Are they married, divorced, widowed or single?

Do they have any kids?

Do they have aging parents and are their grandparents still alive?

What’s their educational level, high school, college, university, etc.?

What do they do for a living?

Do they have any pets?

Are they fit or are they a couch potato?

What are their physical attributes? Are they overweight, etc.?

Okay, if you’ve done that you’ve put yourself on the fast track to success.


A study once proved the one main difference between the successful and unsuccessful business owners came down to just three words.

Speed of implementation.

Now you’re in the rare two per cent of those who get things done and achieve more great things in life.

Now let’s look at another important component of the human mind.

Psycho-graphics. Knowing the behaviour patterns of your reader will give you a unique advantage when using these techniques for persuasive writing.

Do you know what TV shows they watch?

This may be a little harder to find out.

Here’s a clue…

What TV shows do you watch?

The chances are you’re similar to your prospects.

Most people are the best prospects for their products, that’s why they made them or were attracted to them in the first place.

So write out the TV shows you think they watch and include their favourite celebrities, actors, singers.

This makes the next part easier.

List the five people they most admire.

Do they have a favourite prime minister or president?

Next, are they the religious type or are they more spiritual?

In other words do they follow some organised religion, or do they mainly read books, take courses, or attend classes on spirituality?

Now if your prospect is religious it’s highly likely they will resent those outside of their chosen religion.

Same with politics.

Even if they aren’t there’s always a group or groups of people they hate, resent or fear.

Write these down here.

One of the most powerful concepts in becoming a copywriter is bonding with your prospect by throwing rocks at his enemy.

Yes, the theme of the common enemy or the “us versus them” mentality.

Everyone is prejudice about something or someone.

Now let’s take a look at their self-esteem.

Do they have any emotional issues going on?

Are there frustrations in their day to day life?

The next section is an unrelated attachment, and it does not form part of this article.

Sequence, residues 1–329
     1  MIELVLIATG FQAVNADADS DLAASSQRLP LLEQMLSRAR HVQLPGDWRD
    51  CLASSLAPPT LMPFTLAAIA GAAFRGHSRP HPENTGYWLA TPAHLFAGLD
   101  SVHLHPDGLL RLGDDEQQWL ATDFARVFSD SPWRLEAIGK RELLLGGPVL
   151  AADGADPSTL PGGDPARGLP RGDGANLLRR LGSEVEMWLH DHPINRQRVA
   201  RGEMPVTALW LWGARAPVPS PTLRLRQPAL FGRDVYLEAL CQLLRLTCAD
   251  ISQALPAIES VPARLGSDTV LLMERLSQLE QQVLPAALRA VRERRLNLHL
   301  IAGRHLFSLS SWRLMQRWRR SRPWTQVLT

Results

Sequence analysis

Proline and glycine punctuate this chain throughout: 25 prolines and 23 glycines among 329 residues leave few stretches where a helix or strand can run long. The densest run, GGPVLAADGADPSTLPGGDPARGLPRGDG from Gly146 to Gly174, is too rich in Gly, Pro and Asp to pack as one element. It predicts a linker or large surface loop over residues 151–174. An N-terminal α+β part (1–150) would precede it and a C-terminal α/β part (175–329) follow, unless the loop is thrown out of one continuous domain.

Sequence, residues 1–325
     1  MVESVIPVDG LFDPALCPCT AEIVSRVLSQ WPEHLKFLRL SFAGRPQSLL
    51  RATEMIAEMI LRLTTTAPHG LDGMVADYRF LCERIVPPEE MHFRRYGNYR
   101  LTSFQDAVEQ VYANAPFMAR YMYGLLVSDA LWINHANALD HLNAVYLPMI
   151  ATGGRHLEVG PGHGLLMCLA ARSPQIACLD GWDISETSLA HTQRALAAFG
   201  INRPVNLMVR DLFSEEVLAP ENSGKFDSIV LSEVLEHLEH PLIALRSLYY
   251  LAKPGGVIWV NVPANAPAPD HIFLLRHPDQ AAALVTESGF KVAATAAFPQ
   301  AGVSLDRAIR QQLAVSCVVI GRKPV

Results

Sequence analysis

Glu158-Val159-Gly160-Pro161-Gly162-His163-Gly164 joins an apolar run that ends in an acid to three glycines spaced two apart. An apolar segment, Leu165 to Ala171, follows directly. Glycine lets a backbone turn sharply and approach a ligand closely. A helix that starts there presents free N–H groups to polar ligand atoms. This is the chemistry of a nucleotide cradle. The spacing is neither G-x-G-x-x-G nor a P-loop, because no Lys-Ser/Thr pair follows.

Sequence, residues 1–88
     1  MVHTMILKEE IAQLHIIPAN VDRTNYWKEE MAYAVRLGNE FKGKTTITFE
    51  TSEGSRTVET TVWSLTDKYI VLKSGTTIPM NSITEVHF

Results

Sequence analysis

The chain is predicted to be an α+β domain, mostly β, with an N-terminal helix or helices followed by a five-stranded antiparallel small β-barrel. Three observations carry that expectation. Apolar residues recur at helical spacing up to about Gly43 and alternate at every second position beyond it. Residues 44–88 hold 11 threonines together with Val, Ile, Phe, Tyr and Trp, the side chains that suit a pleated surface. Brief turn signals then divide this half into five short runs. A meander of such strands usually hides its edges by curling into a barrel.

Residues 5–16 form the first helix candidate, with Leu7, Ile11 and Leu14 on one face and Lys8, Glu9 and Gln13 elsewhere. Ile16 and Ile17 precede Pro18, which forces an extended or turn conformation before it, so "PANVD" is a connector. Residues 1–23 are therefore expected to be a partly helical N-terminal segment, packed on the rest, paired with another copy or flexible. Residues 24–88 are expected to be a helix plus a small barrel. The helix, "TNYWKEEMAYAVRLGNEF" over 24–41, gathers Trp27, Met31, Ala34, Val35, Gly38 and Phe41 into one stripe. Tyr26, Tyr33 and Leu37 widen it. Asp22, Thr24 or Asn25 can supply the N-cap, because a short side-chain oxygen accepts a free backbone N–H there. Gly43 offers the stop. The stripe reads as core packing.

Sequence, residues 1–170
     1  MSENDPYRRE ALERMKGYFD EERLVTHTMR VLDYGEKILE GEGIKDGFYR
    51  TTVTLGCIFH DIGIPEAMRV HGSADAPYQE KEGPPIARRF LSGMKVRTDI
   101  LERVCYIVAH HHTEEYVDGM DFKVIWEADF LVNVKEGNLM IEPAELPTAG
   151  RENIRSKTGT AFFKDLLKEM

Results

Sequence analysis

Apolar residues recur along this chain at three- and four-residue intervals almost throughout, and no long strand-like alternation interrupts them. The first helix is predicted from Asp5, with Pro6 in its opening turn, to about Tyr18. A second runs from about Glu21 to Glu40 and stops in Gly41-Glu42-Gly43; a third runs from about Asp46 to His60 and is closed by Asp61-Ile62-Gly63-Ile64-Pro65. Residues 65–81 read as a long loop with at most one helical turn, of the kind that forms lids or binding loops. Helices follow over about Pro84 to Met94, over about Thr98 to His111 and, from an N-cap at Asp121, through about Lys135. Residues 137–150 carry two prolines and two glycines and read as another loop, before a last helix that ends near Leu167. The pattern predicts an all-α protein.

Do they have any neuroses?

Write down what you think.

Now answer this question: How do they feel about the hand they were dealt in life?

The last part of this section is all about their hopes, dreams, and future desires.

Hope is a powerful emotional trigger especially when selling health products or longevity plans.

Write down what you think is on their mind when it comes to their future.

Do they own their own home, or do they rent?   

Do they own more than one home. For example a holiday home or places they let out.

What kind of car or cars do they own?

Where do they go on holiday, where do they stay, do they even take holidays?

Do they have hobbies… spend time hanging out with a group of friends, etc?

What (if any) are their professional activities?

Do they belong to any organisation?

Are they fitness or health fanatics? 

Does your prospect have any world views? In other words do they voice their opinions about economic issues, political issues, or society and the way it’s going or how good the old days were?

What section of the newspaper do they read first?

Sports, business, finance, health, women’s interests, political, world news, etc.

How to become a copywriter secret #4.

Brilliant… you now have the foundational understanding of your prospect. Chances are you know more about your prospect than any of your competitors.

And that puts you light years ahead when it comes to the question of how to become a copywriter.

Now let’s go to the place where your writing will give you the highest responses possible.

Remember what Gary Bencivenga said about copywriting. It’s 40% research, 40% writing and 20% polishing.

The problem I see with most people who teach copywriting is they focus mainly on the writing itself.

And that’s because it’s the glamorous side of copywriting.

But that’s not where the big money is.

That’s only available to those who do an amazing job of research.

So let’s go the extra mile now with this next section that begins with these questions:

(By the way, these next questions will give you far more accurate and insightful answers if you ask three or four of your prospects directly.)

What is the big urgent problem that you solve?

If your prospect could wave a magic wand, what would he want more than anything else in this area?